What is that inane jibberish in the title? I may hear you cry, why, it is the exponential function! I reply.

Yesterday I got a book from my electronics tutor called “The physics of music” by Alexander Wood, revisions by J M Bowsher. This book both greatly infuriated and assisted me in developing my own musical scale over the last day. I think I spent about 10 hours reading it on and off and doing sums. The damn thing kept going on and on about history (next section to be read in posh accent) <posh> how such and such a musician in 1864 used 436hertz for A while france was still using 437 hertz, oh what a situation that would cause should they play an orchestra together hahahahaha! </posh>

All I know is that it got to 20 past midnight and I was still doing sums and reading things. Like Sheldon in the Big Bang Theory I had become victim to my own determination, sleep deprivation deprived me of my wits and thus an answer.

I slept and this morning I figured it out with help from the exponential function and this equation:

f=440*2^(n/12)

That’s the equation for figuring out the notes in the standard 12 note musical scale, gleaned from amongst the history and factoids in “the physics of music” last night. At the time I was either too sleep deprived or the book was too vague for me too understand it fully. I just got my head around it this morning with the help of a graph and an example which the book was sadly missing, I think it was a little bit too sparse on this area for me to fully comprehend. Anyway the point is, I do now and A 400Hz = 0 = n, the next B up would be n = 1, G# or Ab would be n = -1. A 880 an octave up is n = 12. If only the book had portrayed it that simply!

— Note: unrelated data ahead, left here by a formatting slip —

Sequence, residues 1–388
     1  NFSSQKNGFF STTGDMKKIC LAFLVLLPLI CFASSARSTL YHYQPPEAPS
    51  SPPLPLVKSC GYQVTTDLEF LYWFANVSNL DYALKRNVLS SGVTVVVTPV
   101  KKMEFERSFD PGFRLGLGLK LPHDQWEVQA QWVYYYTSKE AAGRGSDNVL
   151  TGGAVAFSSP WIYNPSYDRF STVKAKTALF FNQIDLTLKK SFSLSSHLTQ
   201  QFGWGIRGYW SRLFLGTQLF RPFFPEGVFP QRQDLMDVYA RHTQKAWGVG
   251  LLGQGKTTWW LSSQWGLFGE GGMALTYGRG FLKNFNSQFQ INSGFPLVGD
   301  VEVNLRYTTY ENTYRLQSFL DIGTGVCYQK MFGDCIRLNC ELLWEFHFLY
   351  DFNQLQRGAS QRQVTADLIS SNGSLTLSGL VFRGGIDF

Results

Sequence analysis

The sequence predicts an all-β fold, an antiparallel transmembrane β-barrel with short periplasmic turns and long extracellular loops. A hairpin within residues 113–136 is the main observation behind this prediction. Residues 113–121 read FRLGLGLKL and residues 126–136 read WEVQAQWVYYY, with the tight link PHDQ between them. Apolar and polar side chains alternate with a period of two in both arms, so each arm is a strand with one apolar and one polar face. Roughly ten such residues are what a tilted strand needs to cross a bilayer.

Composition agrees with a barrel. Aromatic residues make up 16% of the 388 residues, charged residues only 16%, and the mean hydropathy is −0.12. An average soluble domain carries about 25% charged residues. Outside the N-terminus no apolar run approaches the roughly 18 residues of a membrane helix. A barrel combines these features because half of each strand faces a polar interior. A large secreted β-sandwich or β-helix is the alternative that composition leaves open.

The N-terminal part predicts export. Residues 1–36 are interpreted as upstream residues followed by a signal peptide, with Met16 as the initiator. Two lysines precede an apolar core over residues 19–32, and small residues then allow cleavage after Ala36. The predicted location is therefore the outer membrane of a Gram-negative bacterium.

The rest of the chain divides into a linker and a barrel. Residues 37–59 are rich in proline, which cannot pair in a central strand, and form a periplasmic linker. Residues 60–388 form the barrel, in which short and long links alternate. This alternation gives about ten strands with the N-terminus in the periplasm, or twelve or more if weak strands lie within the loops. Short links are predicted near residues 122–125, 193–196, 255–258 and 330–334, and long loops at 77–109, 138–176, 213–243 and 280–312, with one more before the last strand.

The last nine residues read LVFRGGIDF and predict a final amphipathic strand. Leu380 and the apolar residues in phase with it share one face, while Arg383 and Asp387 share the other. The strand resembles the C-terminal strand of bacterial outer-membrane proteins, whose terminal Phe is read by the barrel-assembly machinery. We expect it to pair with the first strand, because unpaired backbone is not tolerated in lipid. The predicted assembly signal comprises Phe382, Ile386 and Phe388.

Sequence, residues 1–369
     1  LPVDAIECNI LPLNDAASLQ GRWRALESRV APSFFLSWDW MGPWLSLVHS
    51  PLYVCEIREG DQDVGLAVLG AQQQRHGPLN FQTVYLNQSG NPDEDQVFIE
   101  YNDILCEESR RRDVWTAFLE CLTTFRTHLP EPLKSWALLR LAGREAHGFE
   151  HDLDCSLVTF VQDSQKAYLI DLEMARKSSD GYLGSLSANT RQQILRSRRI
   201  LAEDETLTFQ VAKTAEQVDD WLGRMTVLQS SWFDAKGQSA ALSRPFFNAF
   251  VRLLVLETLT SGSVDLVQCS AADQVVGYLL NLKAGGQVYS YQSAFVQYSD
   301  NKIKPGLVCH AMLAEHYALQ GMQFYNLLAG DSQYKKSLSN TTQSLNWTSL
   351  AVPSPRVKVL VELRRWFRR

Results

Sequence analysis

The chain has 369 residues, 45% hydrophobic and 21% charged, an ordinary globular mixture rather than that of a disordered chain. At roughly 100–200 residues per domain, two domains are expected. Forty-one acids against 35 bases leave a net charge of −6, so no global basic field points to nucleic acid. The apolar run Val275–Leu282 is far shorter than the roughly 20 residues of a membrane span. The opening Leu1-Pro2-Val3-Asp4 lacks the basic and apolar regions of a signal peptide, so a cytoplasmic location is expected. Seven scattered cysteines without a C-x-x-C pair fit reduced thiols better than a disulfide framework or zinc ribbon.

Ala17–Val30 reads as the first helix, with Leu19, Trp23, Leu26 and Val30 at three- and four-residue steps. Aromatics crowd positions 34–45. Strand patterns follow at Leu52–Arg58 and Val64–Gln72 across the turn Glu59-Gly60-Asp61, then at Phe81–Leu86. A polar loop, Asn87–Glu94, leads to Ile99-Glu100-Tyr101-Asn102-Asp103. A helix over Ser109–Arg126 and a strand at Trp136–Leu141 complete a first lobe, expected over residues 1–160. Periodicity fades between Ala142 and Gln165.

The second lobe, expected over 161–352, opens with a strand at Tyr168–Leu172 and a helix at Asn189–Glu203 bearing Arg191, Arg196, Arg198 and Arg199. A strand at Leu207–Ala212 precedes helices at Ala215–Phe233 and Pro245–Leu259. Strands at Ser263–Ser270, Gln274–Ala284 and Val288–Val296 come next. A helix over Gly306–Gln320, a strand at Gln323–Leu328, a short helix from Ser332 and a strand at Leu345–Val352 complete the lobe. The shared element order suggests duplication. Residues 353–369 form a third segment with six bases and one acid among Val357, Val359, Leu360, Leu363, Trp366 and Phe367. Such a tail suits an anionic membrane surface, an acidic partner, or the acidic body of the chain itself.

No matter, in my sleep deprived stated I scrawled next to it: 2^n-1?

The chior of understanding sounded and it is now understood as a variant of 2^(n-1) or graphulacily y=2^(x-1) That’ll give you the traditional exponential curve.

My goal was to make a musical scale which started at a base frequency of 1Hz. Then as it increases in octaves you will get nice even numbers; 2, 4, 8, 16, 32, 64, 128, etc. Do they look familiar? ;) It’s the ol’ binary values!

I noticed that using a base frequency of 1, f=1*(2^n/(notes in octave)) gives the same values as y=2^(x-1) if you divide the integer x by the number of notes in an octave; e.g. if you have 8 notes per octave: 0, 1/8, 2/8, 3/8 … 7/8, 1. Add 1 for each additional octave or multiply octave 0 by 2, then that by 2 and so on to get the values for additional octaves. The two equations are very similar.

It strikes me that someone somewhere has probably done all this and I could have just read it somewhere else, but I didn’t, I number crunched intermittently for somewhere between 5 and 10 hours while reading this unintelligable, but ultimately helpful book, and I came up with good results at the end! Hell yes!